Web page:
"The advanced bunker of the Resistance Front". This is how official media in Tehran describe the Gaza Strip as it emerges from its latest mini-war against "The Zionist enemy". Needless to say, Iran's "Supreme Guide" Ali Khamenei, regarding himself as leader of the "Resistance Front," is already looking forward to the next round of this sordid duel. Pictured: Khamenei meets with Hamas leaders Khaled Mashaal (center) and Mussa Abu Marzuk (left) in Tehran on February 1, 2009. (Photo by AFP via Getty Images)
"The advanced bunker of the Resistance Front". This is how official media in Tehran describe the Gaza Strip as it emerges from its latest mini-war against "The Zionist enemy". Needless to say, Iran's "Supreme Guide" Ali Khamenei, regarding himself as leader of the "Resistance Front," is already looking forward to the next round of this sordid duel. In messages to Ismail Haniyeh of Hamas and Ziyad Nakhalah of the Islamic Jihad for the liberation of Palestine, "Supreme Guide" Ali Khamenei asserts that he has received "a divine pledge that total victory is on the way", and demands that the two groups continue the fight until "our holy land is cleansed of the existence of the usurper".
Tehran media claim that "the great victory" supposedly achieved by Hamas and Islamic Jihad is, to a large extent, due to financial, material and training support from the Islamic Republic.
The daily Kayhan, reputed to reflect Khamenei's views, claims that Hamas and Islamic Jihad rockets and missiles could now reach 75 percent of the Israeli territory. The aim now is to increase that to 100 percent which, if combined with the Lebanese Hezbollah's rocket and missile arsenals, could pave the way for the "total victory" that Khamenei demands.
Last January, the "Supreme Guide" ordered the allocation of an extra $200 million to the Quds Force, the body in charge of "exporting revolution". And last week, the Islamic Majlis, Tehran's ersatz parliament, increased the budget of the Islamic Revolutionary Guard Corps by over 60 percent. Khamenei's spending spree is premised on the hoped of a quick lifting of US and other sanctions, which have produced the worst cash flow problem the 41-year-old regime has ever seen.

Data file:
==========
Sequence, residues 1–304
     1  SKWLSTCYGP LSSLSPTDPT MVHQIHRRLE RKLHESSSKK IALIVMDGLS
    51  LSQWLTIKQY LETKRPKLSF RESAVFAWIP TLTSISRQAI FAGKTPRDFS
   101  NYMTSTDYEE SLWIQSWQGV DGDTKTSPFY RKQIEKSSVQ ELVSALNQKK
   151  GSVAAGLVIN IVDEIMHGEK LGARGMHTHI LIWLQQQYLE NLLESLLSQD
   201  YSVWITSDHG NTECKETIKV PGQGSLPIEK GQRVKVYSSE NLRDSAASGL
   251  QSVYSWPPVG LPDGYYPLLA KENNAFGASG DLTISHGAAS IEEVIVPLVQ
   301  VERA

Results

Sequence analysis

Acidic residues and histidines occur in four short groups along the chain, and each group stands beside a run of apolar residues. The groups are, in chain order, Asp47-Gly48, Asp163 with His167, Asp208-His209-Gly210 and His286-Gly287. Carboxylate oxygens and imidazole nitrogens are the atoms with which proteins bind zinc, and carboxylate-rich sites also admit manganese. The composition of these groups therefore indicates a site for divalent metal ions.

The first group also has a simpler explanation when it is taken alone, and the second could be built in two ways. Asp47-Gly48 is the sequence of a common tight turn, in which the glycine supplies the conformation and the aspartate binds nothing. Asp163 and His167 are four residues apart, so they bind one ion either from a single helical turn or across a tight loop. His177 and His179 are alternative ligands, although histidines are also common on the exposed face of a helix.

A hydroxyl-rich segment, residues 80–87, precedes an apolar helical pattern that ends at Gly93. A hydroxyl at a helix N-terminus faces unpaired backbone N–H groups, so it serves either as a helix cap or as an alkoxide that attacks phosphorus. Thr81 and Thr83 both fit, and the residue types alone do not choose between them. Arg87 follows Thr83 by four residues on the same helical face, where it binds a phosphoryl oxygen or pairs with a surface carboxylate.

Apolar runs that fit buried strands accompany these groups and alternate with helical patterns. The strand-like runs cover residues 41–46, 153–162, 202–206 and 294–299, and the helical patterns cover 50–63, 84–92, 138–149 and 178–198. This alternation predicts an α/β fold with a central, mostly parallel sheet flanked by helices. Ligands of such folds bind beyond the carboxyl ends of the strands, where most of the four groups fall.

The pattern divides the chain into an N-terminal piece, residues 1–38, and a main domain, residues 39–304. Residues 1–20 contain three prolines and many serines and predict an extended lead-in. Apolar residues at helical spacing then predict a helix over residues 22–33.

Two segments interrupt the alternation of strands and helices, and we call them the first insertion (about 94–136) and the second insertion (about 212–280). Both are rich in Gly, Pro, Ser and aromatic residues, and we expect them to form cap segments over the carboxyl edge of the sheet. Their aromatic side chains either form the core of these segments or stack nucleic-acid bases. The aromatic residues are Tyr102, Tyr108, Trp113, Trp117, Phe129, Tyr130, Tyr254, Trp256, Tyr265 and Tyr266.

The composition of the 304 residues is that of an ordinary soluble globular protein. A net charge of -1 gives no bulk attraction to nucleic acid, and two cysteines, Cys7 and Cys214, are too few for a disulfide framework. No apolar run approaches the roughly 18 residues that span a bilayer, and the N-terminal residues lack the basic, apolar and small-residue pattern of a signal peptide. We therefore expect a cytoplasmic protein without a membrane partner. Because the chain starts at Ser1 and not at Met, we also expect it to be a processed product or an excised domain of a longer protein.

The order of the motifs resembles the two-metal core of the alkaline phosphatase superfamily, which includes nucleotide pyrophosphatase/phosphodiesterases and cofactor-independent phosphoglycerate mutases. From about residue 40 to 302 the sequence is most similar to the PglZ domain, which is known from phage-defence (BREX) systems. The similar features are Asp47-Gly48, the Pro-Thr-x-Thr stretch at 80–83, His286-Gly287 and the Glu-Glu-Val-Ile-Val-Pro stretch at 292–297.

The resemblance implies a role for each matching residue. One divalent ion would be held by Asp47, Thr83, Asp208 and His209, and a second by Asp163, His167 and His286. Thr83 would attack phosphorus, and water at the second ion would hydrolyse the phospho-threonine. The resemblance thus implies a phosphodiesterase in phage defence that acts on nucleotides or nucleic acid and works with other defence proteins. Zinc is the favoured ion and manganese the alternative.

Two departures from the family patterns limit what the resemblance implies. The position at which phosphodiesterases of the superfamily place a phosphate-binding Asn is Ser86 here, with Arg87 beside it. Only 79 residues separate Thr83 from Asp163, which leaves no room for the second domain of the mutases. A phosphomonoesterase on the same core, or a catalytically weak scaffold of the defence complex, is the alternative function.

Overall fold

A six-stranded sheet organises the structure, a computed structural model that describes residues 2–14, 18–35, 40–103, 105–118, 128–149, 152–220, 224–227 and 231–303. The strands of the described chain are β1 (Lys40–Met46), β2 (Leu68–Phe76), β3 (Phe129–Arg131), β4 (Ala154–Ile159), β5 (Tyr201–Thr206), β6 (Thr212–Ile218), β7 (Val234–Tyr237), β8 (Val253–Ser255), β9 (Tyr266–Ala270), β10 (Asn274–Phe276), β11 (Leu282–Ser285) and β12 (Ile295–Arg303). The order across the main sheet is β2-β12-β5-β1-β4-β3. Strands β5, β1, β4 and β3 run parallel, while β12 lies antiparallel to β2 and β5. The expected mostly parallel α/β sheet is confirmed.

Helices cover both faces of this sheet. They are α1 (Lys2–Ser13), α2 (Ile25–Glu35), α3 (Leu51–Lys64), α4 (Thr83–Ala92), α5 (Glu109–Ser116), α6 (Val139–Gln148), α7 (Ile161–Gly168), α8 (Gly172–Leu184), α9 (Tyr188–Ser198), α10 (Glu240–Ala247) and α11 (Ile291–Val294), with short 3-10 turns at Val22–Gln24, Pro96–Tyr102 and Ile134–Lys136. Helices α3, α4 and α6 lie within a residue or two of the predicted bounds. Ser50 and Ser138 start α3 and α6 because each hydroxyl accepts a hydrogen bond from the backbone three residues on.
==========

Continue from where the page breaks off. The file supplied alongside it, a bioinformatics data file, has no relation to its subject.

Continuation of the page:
To sell this mad project to the average Iranian, who is facing economic meltdown, double-digit inflation, mass unemployment, Covid-19 chaos and unbridled corruption at all levels, Tehran propagandists have developed a narrative of victimhood with Hamas and Islamic Jihad as the "good ones" and the "Zionist enemy" as the "evil party." According to this narrative, the Gaza twins were victims of Israeli occupation and then a blockade that made life miserable for the 1.8 million inhabitants of the strip.
Several key points are left out, however, including the facts that, under the Oslo Accords, Gaza was put under the suzerainty of the Palestinian Authority and that Israel ended its occupation of Gaza in 2005. In 2007, Hamas and its smaller partners staged a coup against the Palestinian Authority to establish an authoritarian one-party system that regards Gaza as a base for radical pan-Islamism only incidentally related to the Palestinian issue.
That move led the Palestinian Authority, a de facto embryonic government dominated by Fatah, to demand a blockade of Gaza and the continued disbursement of customs proceeds from Gaza to Ramallah.